I’ve had the privilege of sharing with you, through my hip journey, some of my lessons learned from Dr. Robert Kollmorgen, but this blog post is getting down to the nitty gritty of hip preservation from his set of lenses. Dr. Robert Kollmorgen is an amazing patient- centered physician who also has the technical skills to meet the needs of hip patients in Central California and beyond.
I queried Dr. Kollmorgen as I wanted to incorporate a point of view about hip preservation from a doctor who is personally helping me preserve my own hips! So here are his responses to my Hopeful Hippie inquiring mind questions!
From your perspective, what are the biggest changes in hip preservation in the last 5-10 years?
There are many changes in this area. Hip preservation procedures are one of the fastest growing fields in Orthopedics. [Changes include] the concept of labral repair over debridement, capsular preservation and repair, indications for labral reconstruction, and patient selection for a durable PAO [periacetabular osteotomy].
What do you see as the reason for the increase in hip arthroscopy?
Since Dr. Ganz introduced the world to FAI, surgeons in the last 20 years have striven very hard to advance the field. As with any "new" operation surgeons have advanced and created techniques and we continue to work on establishing long term outcomes.
How do you see hip preservation being practiced in the U.S. as compared to other countries?
Thankfully, this field is evolving together globally. The UK study showing the efficacy of FAI surgery compared to PT agrees with the U.S. RCT (Randomized Controlled Trials). The concepts of creating proper shape, labral repair, and capsular closure are global. Advanced techniques of labral and capsular reconstruction are based on graft availability and surgeon skill, but are evolving.
What are some exciting innovations coming down the pike in hip preservation that you would like to see further research in the United States?
Cartilage repair biologics would be exciting to get approved in the US.
What is the one of the most important questions that patients should ask of their prospective surgeon prior to agreeing to surgery?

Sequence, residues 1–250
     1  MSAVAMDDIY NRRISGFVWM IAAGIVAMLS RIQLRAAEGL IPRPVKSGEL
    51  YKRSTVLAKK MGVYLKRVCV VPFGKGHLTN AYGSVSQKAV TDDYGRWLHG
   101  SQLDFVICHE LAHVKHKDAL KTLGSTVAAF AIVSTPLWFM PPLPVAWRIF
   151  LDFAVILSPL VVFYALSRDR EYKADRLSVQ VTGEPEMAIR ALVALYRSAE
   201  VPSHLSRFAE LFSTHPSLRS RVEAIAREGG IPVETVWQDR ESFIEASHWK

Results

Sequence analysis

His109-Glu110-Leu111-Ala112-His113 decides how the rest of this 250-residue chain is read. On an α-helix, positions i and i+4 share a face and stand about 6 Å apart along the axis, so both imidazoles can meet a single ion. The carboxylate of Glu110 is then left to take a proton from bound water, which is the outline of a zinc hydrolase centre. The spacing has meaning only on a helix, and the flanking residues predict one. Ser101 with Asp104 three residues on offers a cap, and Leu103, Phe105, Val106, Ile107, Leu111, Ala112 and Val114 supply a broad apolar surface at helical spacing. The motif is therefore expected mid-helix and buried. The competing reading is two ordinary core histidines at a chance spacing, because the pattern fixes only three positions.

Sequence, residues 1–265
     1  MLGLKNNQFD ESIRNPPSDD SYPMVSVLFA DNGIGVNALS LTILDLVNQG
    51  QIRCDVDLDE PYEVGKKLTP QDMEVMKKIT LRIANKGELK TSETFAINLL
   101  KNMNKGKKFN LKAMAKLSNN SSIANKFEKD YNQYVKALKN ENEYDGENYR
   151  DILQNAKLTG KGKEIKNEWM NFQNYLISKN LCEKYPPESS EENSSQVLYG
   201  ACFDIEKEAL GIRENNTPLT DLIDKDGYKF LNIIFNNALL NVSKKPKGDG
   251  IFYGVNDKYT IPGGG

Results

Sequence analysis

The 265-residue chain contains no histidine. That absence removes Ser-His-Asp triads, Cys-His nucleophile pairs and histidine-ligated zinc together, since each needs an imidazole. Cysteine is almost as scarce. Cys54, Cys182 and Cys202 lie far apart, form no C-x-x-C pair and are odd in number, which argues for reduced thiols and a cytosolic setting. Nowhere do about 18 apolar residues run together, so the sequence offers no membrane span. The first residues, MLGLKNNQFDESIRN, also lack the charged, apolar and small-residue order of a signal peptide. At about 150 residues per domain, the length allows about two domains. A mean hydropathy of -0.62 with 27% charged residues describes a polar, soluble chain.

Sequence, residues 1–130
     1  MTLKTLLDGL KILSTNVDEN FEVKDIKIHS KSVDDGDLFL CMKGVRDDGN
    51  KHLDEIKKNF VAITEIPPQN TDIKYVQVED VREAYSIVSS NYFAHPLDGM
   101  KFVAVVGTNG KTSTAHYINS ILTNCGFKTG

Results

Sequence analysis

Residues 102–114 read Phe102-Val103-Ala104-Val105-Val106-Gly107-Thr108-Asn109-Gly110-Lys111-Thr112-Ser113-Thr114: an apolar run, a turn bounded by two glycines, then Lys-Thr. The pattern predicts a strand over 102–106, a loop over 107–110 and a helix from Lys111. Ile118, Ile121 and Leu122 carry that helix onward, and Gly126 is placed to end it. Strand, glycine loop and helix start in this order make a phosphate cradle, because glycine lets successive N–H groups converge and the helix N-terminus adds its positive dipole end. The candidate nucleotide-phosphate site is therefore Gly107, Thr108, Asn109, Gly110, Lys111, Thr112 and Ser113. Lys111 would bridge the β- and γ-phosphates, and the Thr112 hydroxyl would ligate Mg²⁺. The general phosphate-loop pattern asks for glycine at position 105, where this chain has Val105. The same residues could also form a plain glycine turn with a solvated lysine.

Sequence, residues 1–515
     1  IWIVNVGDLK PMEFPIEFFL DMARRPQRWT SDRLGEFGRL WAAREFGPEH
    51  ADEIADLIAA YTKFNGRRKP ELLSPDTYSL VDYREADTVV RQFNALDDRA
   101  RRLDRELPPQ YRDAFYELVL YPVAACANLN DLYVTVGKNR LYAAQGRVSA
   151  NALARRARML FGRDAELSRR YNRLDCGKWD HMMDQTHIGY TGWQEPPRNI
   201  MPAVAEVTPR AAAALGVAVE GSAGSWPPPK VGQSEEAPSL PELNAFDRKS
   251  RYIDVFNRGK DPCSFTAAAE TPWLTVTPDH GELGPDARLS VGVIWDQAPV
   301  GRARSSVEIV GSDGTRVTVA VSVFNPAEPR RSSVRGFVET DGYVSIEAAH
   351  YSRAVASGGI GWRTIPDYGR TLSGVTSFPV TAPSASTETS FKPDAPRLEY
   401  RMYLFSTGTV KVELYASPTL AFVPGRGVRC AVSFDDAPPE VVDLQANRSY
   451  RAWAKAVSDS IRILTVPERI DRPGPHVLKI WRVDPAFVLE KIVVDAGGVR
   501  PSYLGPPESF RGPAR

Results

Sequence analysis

There are many questions I would ask to gain comfort with my surgeon. Have you treated patients with my problem? How often do you treat this? Do you have advanced training in my surgery? What are the published outcomes? What are your outcomes?
What type of surgeon training should patients look for when choosing a surgeon?
For hip preservation, I would ask if the surgeon is fellowship trained in Hip Preservation. Where? Did the training involve my surgical issue?
When picking a PT for post-op rehab, what types of questions should a patient ask a prospective PT?
I think PT is all about relationships. The patient and therapist have to be on the same page. Ideally a therapist that knows the procedure and rehab protocol. Some of my patients live in rural areas and have one option. The surgeon should be in touch with the therapist so the whole team is on the same page.
When would you do a labral debridement versus repair versus reconstruction?
Debridement is in select cases where the chondrolabral junction is intact, no wave sign and labrum is well fixed but frayed, and the cam lesion is only to blame. This is rarely the case and most of my patients have labral repairs. Reconstruction is a salvage surgery and utilized in revisions and I do consent all my patients in case the labrum, at primary FAI surgery, is not viable. Again, reconstruction is a rare case and should be considered as a last resort.
How can a patient contribute to the success or failure of their results?
Healing is patient specific. Some cope well with pain and others need more time. Following a specific protocol, NO limping, and time. This surgery takes time to heal and regain strength.
Why are there such varied protocols related to weight bearing status, and range of motion restrictions?
Many surgeons and physiotherapists have their own take on rehab. The exact procedure, area of repair and capsular management dictates the protocol and aggressiveness. Each surgeon has their own reasons.
What are you most proud of as far as your contribution to the field of hip preservation?
For our group, we have contributed post free distraction utilizing a standard hip distraction table. We have eliminated groin, perineal and pudendal nerve injuries that are caused by utilizing a large [perineal] post during surgery.